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The Mind's I: Fantasies and Reflections of Self and Soul

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  • Anonymous

    Posted April 30, 2005

    Still well worth reading but dated

     This  is a followup to Hofstadter´s  famous Godel, Escher, Bach (1980)(see my review).   Like its predecessor, it is concerned mostly with the foundations of artificial  intelligence, but it is composed mostly of stories, essays and extracts from a wide range of people, with a few essays  by DH and DD and comments to all of the contributions by one or the other of them.  Much  of it is very reductionistic in tone(ie, explain everything  in terms of  physics/math) but as Hofstadter notes, the quantum  field equations of  a water  molecule are too complex to solve(and so is a vacuum)and nobody has a clue about  how to explain the way properties emerge(eg, water properties from H2 and 02) as  you  go up the scale from the vacuum to the brain, so reductionism, like  holism,  requires a great deal of faith.  There is not only the  uncertainty principle,  and chaos(eg, no way to predict how a pile  of sand will fall) but the logically  necessary incompleteness  of math, which is now fused at the highest levels with  physics(eg,  string theory). Godels incompleteness theorem was a central theme  of  his first book. This is really a  psychology text, though perhaps none of the authors realized it.  It is about human  behavior and reasoning¿about why we think and act the  way we  do.  But(like all such discussion until recently) none of the explanations are really explanations.  Nobody discusses  the mental  mechanisms  involved.  In fact, like most ´explanations` of behavior the texts here and the comments  by DH and DD are often more  interesting  for what kinds of things  they accept as explanations(and omit), than for the  actual content.  As with all reasoning and explaining one  now wants  to know  which of the brains  inference engines are  activated to produce the authors biases and results.  It  is the  relevance  filters which  determine what sorts of things we can  accept  as  appropriate data for each engine and their automatic  and unconscious   operation and interaction that determines   what we can accept as  an answer.    Cognitive and evolutionary psychology are still not evolved enough to provide full  explanations but an interesting start has been made.  Boyer´s  `Religion  Explained` shows what a modern scientific explanation of human behavior looks like.  Pinker´s `How  the mind  Works` is a  good general survey. See several of  the  recent  texts(ie, 2004 onwards)  with  evolutionary psychology  in the title or the web for further info. We now recognize that art,music,math,language and religion are all results of  the automatic  functioning of the inference engines.  This is why we can expect similarities and puzzles  and  inconsistencies or incompleteness and often, dead  ends. The  brain has no  general intelligence but numerous specialized modules  or inference engines, each of which works on certain aspects of  some problem and the results are then  added.  Hofstadter, like  everyone, can only generate or recognize explanations  that are  consistent with the operations of his own inference engines, which  were  evolved to deal with such things as resource accumulation,  coalitions in small  groups, social exchanges and the evaluation  of the intentions of other persons.  It is amazing they can produce  art or music or math and not surprising that  figuring out how  they themselves work together to produce overall intelligence  or  consciousness or choice is way beyond reach even 25 years later.    The  article on Turing (and many others) left me thinking- ´Oh where  is Wittgenstein  when we need him!´  Turing attended W´s lectures on the foundations of math but he does not seem to have understood them(not surprising as almost nobody else did).  As W so famously said, decades  before this book was  written--`Philosophy is the battle against  the bewitchment of our intelligence  by language`(or we mi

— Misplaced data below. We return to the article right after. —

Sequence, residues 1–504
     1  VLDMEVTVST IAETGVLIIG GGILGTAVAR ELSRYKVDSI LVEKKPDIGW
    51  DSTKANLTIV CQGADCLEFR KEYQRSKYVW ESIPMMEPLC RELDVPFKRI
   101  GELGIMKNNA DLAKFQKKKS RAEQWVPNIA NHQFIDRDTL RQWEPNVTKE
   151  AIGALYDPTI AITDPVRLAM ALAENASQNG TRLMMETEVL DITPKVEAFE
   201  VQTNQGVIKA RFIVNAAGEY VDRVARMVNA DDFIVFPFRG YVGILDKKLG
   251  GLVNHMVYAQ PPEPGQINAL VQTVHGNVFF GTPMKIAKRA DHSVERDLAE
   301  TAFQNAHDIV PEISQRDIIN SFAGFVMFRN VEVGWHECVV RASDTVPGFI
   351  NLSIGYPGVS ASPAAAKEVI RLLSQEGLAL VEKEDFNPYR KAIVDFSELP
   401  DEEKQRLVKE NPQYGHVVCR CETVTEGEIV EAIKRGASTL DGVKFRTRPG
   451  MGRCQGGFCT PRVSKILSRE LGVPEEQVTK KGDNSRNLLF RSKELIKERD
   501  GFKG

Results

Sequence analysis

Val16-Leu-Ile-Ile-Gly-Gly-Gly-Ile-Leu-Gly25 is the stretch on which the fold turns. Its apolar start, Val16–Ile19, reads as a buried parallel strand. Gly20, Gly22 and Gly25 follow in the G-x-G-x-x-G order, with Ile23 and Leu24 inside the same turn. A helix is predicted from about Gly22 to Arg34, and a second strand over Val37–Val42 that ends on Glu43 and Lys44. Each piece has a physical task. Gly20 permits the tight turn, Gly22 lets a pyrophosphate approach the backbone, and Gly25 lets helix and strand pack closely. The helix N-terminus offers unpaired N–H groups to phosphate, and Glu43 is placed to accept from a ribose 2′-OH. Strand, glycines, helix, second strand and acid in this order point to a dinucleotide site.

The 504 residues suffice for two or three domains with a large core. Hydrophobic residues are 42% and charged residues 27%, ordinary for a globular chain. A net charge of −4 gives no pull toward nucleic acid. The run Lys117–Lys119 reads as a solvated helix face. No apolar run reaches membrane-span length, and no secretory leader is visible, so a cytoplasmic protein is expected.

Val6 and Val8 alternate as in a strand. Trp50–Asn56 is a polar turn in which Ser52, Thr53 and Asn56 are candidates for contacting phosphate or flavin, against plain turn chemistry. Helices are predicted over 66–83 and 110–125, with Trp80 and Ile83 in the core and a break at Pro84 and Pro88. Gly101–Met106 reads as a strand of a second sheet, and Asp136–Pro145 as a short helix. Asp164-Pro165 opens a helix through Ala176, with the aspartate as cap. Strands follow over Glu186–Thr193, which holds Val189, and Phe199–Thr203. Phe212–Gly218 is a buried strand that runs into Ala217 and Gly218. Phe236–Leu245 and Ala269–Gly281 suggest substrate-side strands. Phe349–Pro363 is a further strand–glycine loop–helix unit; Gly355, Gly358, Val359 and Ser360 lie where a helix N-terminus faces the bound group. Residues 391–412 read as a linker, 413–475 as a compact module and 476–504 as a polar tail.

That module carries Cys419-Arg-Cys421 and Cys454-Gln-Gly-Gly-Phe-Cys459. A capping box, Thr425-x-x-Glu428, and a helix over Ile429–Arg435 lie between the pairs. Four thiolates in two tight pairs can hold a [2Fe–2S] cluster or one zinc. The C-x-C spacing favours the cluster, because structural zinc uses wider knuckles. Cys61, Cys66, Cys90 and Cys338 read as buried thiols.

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  • Anonymous

    Posted May 30, 2000

    Have you ever wondered who are 'YOU'?

    Being an engineer, it's not very common to make a stop to think about philosophical issues as self, soul and self-perception. However, not only the articles about artificial intelligence and simulation (Turing) but also the poetical fiction of Borges and Lem, trap you into an enlightening spiral of self-consciousness and discovering. Denett and Hofstadter made a wonderful job synthesising and giving fluidity to an otherwise complex -and possibly unrelated- set of knowledge.

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